Former Japanese soldier reaches settlement with sexual assault perpetrators

A former soldier who was sexually assaulted while serving in Japan’s military has reached a civil settlement with three of her convicted attackers in a case that exposed a widespread culture of harassment in the country’s self-defense force.

The settlement, initiated by the three former soldiers who were found guilty of sexual assault by a Japanese court in December, includes them apologizing and paying a sum of money, Rina Gonoi said on her X account on Tuesday. She did not disclose the amount of money involved.

“Today, I would like to announce that a settlement has been reached in the civil trial with the three perpetrators who were found guilty in the criminal trial,” Gonoi said.

Gonoi pursued both criminal and civil cases in the courts, including the civil lawsuit in which she is seeking compensation from the government and five former members of the Japan Self-Defense Force (JSDF) for emotional stress caused by sexual abuse, public broadcaster NHK reported.

“I am relieved that the three years of fighting came to an end and I’m feeling three years’ worth of exhaustion all at once, but I will take care not to get sick,” Gonoi said on her Instagram account on Tuesday night.

She had previously reached a settlement with another of the five former members of the JSDF in the civil case, and the trial will continue against the government and the remaining former members, NHK reported.

Gonoi said she endured physical and verbal sexual abuse on a daily basis for more than a year while serving in the JSDF, and vowed to bring her tormentors to justice when she left the military in June 2022.

Authorities initially seemed unwilling to believe her but Gonoi’s refusal to be silenced eventually prompted prosecutors to reopen investigations in a sweeping probe into sexual harassment across the JSDF.

The broad investigation led by Japan’s defense ministry found that Gonoi had suffered physical and verbal sexual harassment daily between late 2020 and August 2021.

Japan’s struggles with gender inequality, which were highlighted during the #MeToo campaign, are well documented. The country ranks bottom of all G7 nations and 125th out of 146 countries in the World Economic Forum’s index for gender inequality.

Not backing down

As a child, Gonoi said she saw JSDF members as heroes. She grew up wanting to be like them after women officers in particular came to her rescue following the deadly 2011 Tohoku earthquake and tsunami that decimated her hometown of Higashi-Matsushima in Japan’s northern prefecture of Miyagi.

“They’d comment on my body and the size of my breasts. Or they’d come up to me in the hallways and suddenly hug me in the corridor. That kind of thing happened daily,” Gonoi recalled of her time in the station.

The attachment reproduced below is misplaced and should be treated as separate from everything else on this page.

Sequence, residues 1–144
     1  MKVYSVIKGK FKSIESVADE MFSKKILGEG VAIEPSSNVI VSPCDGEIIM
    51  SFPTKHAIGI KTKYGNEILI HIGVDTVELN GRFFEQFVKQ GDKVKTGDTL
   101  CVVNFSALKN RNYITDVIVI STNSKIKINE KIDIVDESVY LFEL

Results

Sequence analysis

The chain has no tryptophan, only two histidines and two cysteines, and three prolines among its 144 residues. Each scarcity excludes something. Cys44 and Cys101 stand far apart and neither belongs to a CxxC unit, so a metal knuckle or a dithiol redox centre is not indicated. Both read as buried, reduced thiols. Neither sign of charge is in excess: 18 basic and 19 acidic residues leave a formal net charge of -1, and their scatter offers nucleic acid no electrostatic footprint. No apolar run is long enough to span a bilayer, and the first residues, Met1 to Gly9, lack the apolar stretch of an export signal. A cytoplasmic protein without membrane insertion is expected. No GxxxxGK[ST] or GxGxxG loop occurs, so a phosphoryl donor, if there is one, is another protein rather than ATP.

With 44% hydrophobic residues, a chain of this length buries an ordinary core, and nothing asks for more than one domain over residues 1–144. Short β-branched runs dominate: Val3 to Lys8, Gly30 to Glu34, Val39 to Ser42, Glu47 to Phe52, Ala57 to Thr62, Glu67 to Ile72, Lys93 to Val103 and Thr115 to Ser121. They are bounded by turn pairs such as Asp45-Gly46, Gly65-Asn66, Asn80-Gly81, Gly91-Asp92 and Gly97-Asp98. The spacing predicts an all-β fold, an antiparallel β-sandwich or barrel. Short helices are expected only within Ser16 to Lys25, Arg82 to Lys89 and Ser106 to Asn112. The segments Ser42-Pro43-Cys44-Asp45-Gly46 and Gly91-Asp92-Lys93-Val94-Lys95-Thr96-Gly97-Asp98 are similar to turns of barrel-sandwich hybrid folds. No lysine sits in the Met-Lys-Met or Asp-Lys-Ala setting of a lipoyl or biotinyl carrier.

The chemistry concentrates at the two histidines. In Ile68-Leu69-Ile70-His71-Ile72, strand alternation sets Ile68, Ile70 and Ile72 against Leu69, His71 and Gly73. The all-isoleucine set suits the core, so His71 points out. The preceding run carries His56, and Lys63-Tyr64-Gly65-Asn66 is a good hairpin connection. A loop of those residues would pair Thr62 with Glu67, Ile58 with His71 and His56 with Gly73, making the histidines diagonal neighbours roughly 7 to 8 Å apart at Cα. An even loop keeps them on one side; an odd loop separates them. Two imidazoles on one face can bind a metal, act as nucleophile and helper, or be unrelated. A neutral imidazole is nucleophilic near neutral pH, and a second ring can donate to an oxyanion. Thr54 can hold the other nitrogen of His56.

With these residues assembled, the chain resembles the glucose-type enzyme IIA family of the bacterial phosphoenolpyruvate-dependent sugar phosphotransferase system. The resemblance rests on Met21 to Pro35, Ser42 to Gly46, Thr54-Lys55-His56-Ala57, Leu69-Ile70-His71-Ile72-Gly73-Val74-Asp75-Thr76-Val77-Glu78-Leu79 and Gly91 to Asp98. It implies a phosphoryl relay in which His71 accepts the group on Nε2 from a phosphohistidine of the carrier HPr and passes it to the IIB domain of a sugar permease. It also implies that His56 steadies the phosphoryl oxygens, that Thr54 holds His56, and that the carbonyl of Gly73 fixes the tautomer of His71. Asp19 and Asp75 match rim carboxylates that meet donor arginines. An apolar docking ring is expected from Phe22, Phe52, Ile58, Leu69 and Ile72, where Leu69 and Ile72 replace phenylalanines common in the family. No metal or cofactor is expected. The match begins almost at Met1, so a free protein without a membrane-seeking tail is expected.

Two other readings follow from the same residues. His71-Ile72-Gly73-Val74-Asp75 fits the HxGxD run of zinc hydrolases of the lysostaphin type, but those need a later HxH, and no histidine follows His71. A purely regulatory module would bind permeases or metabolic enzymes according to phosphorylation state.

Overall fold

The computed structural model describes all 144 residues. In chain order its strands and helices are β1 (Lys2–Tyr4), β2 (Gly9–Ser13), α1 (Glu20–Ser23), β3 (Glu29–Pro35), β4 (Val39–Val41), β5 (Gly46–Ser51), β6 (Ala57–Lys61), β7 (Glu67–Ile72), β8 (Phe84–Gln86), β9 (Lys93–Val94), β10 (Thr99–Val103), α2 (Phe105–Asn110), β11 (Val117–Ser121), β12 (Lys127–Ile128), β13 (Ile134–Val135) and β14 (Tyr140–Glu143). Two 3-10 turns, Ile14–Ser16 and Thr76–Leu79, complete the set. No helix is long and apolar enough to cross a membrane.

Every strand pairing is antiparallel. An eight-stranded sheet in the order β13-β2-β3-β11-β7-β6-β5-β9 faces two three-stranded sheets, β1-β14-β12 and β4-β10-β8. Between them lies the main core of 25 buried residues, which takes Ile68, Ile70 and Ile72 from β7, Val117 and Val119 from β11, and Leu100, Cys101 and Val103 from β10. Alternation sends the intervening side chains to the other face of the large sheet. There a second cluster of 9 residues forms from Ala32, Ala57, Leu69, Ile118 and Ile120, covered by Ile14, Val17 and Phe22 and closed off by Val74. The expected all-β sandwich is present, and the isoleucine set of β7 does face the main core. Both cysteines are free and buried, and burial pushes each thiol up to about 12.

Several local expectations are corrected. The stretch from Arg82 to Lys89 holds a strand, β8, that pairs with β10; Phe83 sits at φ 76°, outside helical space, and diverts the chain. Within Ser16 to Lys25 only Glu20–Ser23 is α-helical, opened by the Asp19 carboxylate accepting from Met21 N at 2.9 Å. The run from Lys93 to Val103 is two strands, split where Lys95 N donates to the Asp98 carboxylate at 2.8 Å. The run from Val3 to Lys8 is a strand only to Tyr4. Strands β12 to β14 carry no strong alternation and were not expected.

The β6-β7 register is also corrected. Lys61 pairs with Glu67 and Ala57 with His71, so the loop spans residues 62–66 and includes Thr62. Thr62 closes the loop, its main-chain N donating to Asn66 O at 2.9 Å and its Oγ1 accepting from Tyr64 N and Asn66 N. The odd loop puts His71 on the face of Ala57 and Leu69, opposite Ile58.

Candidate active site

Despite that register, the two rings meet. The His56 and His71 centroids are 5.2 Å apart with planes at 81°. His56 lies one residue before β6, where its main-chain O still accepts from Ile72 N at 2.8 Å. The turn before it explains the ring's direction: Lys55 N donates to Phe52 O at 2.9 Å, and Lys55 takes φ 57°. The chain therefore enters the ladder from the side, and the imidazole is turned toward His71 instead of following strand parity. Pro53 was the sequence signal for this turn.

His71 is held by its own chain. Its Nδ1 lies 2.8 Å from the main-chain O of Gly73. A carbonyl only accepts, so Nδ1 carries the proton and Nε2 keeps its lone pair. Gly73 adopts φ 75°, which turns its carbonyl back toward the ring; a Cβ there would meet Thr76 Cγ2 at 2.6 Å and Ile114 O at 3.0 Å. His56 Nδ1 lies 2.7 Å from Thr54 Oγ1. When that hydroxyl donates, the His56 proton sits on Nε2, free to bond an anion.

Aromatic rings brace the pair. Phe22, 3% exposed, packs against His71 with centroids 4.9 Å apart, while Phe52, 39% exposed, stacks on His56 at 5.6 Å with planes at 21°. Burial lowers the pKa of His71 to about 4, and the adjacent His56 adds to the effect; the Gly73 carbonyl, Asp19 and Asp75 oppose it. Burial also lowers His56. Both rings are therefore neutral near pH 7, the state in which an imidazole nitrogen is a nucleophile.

The last straw came in August 2021, when Gonoi said she was pinned to a dormitory floor as several senior male officers simulated sexual intercourse. It was this incident that convinced her to report her assailants.

When she reported the alleged abuse to military authorities, two investigations were launched, but both were dropped on grounds of a lack of evidence – prompting her to take the battle to social media.

Going public was a rare move in a country where sexual assault survivors can face backlash for raising their voices.

But it paid off, as the social media scrutiny pressured the JSDF into a rethink.

The defense ministry eventually launched a broad investigation into sexual harassment across the JSDF that found Gonoi had suffered physical and verbal sexual harassment daily between late 2020 and August 2021.

The case reached the highest levels, with Japanese Prime Minister Fumio Kishida saying during a parliamentary meeting in October 2022 that he understood sexual harassment cases were handled inappropriately by the JSDF and the ministry.

Last December, a Japanese court ruled that the three men had committed forcible indecency against Gonoi.

The court sentenced the trio to two years in prison with a suspended sentence, NHK reported, which could allow them to avoid jail time if they do not commit a crime over a two-year period.

The landmark decision was an encouraging sign but “the country still has a long way to go to change both the criminal justice system and the culture of victim-blaming that undermines the credibility of survivors,” according to Amnesty International’s East Asia researcher Boram Jang.

“Rina Gonoi dared to speak out to break the cycle of impunity for gender-based violence in Japan. This is a rare victory not just for her, but for all victims and survivors of sexual assault in Japan, many of whom suffer in silence,” Jang said in a statement after the ruling.

This post appeared first on cnn.com
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